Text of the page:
There’s a place we like to go;
to sit in the back and sip cold souls and sweet tea,
a place where everyone wears a smile,
and some of those smiles are even original to the faces
we currently wear.
What is more enjoyable than considering the beauty of the sunfall, the cosmic augury of the constellations, the various lush segments of cool oasis in a desert landscape, and the doom and downfall of your attackers?
Take a comfortable seat; that throne of iron or skulls you have in your castle, it’s quite impressive, truly, totally, but THESE chairs have a peculiar technology oft-unknown in the Halls of Power. It’s called “cushions”.
All action takes place in the present moment, and thinking about the past is a little like being stuck there. Don’t do that, especially if you try to pull it into your future. It never makes its way through the portal unchanged, and you certainly don’t want to be the one responsible for your own gritty reboot.
But by the same token, the art of carefully considering your dreadful upcoming moves is an unparalleled pleasure; or at least, if we DO spot anything running parallel to the aforementioned joy, we hammer it mercilessly into a ploughshare, even if it was ALREADY a ploughshare.
Why do we so oft see archfiends engaged in planning, rather than enjoying the spoils of their horrible plans?
Epicurus taught us: pleasures which are brief, which are quickly consumed and then gone, are oft inferiors pleasures; in fact, they might not count at all, in that regard. Is it really the chewing up of your enemies which is your prime, core, and singular joy? For most of us, certainly not! Even those of us who chew really slowly.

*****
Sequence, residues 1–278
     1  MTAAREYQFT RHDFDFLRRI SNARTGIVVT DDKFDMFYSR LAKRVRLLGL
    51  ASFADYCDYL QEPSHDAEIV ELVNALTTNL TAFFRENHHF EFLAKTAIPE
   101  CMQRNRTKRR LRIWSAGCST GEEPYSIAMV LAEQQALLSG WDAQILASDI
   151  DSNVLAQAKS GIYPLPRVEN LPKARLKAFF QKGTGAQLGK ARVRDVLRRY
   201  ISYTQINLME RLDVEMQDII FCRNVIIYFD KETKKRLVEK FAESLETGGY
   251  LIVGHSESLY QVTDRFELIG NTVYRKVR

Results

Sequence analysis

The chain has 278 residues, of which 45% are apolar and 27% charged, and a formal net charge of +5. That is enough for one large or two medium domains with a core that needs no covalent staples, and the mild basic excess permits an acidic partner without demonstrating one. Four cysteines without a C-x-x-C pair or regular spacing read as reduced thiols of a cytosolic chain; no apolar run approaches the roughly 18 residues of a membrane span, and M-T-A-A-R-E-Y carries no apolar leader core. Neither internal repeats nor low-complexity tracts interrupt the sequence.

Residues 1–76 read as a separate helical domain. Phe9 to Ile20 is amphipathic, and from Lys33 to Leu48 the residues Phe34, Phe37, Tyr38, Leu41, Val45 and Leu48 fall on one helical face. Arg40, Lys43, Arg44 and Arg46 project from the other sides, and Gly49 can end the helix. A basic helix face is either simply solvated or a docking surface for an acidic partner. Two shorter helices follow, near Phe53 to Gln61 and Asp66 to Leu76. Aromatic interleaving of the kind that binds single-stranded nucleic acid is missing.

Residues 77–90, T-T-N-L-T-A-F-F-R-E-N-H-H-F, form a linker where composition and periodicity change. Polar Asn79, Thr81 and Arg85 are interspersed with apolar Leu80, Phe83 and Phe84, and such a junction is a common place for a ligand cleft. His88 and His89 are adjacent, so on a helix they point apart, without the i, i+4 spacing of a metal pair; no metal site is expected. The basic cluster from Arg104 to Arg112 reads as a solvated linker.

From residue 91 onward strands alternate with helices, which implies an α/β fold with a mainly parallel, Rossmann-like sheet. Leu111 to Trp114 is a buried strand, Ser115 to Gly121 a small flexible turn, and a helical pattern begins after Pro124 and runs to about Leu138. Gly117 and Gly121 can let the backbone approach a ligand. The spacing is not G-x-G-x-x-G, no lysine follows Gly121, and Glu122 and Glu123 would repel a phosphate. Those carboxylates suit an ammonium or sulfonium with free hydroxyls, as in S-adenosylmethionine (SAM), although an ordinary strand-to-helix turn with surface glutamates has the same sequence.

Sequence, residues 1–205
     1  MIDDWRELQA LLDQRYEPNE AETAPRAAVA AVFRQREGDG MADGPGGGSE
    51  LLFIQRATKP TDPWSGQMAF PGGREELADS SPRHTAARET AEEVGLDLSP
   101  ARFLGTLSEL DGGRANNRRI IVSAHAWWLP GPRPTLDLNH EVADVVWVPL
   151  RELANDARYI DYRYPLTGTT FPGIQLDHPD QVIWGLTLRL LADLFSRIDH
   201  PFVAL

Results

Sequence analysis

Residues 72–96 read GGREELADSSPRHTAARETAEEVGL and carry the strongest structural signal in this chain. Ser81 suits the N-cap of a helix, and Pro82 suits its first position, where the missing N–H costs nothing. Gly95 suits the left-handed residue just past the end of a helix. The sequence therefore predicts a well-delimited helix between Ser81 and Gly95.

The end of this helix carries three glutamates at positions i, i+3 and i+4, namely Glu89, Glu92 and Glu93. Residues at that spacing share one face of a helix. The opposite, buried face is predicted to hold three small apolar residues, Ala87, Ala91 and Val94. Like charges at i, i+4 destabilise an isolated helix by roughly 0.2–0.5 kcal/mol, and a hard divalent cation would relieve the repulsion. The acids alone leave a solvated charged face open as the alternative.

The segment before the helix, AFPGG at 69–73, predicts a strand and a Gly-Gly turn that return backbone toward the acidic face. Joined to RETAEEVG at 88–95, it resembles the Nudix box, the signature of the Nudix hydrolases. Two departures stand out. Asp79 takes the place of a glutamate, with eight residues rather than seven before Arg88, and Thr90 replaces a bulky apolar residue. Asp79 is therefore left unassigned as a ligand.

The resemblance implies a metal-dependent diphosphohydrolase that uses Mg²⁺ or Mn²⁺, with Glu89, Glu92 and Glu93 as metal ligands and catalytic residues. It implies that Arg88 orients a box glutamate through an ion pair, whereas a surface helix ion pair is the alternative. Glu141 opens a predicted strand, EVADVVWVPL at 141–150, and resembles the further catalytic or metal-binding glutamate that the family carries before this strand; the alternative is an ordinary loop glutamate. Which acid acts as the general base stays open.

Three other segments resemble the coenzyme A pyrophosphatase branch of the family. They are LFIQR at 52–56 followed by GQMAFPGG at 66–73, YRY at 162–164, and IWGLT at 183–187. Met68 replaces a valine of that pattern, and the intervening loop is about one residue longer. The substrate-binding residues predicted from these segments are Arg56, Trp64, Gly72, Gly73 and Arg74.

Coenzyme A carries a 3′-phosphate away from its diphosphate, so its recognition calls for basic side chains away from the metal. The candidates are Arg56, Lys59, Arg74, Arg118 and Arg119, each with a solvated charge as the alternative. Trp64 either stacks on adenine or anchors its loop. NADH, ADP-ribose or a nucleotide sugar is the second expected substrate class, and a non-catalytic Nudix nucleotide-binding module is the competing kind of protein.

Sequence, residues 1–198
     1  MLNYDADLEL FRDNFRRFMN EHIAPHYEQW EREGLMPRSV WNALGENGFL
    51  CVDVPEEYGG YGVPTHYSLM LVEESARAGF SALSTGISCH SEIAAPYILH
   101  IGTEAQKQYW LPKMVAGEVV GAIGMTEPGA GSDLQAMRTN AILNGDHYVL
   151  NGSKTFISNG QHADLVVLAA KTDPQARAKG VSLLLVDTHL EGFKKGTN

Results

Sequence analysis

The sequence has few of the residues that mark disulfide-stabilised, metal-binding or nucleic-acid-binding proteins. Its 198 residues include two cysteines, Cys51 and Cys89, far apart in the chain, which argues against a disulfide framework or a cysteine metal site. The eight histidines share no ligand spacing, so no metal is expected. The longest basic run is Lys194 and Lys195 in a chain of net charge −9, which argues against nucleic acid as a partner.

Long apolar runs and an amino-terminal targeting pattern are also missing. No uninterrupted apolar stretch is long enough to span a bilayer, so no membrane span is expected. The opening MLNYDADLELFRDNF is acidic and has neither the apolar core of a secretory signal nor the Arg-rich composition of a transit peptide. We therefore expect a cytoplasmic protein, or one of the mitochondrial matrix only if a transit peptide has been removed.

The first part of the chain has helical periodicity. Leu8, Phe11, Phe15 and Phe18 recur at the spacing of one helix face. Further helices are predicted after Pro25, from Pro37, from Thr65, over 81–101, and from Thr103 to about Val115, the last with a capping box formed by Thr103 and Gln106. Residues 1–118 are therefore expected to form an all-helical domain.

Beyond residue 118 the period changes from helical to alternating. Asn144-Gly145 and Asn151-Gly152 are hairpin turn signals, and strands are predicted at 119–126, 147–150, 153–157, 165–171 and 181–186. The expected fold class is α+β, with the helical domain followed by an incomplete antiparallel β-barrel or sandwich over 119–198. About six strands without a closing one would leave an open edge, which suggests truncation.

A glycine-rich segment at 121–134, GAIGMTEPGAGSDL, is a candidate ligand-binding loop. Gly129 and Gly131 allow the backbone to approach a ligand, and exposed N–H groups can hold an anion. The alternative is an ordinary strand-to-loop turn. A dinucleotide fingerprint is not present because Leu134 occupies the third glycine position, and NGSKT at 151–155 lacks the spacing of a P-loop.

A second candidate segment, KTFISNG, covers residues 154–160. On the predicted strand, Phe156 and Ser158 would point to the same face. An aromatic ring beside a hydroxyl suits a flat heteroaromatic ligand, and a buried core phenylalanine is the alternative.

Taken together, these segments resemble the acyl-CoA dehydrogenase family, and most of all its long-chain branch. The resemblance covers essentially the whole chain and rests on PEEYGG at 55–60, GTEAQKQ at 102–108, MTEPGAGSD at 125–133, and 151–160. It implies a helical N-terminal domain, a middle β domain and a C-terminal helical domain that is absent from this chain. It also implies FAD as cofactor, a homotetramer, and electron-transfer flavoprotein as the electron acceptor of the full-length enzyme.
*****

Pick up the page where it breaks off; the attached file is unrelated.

The instant of victory is indescribable. It’s also, literally, just an instant, unless you’re somehow frozen in a time-loop, and while there’s some philosophical argument for the idea that if you were in an eternally-persistent positive moment, that might be lovely; but it seldom happens, and besides, it doesn’t do your free will any good.
And this is the core argument for dissatisfaction. Because, like almost any feeling, it’s not pure, and that’s appropriate for any sentient being in a physical world. Any pure joy is like pure maple syrup: incredible for the first sip, cloying for the second, death-by-sugar for the last.
Likewise, dissatisfaction does not mean having no satisfaction at all. It means avoidance of attempts at full and total “satisfaction”, because to be in such a place is to be limited–we cannot sustain such a thing in the longterm and, I argue, we would not desire to do so.
And this is why we grant at least some of our enemies mercy. Certainly, they might return to kill us; but if we can’t defend ourselves against them, we potentially should take this as our cue to step out of the gene pool. It’s important to deliver meaningful and crushing defeats which advance your cause; but you should not utterly destroy your opponents every single time.
If you want the true satisfaction of being a monster, hurt them a little now…
…so you can hurt them more, later.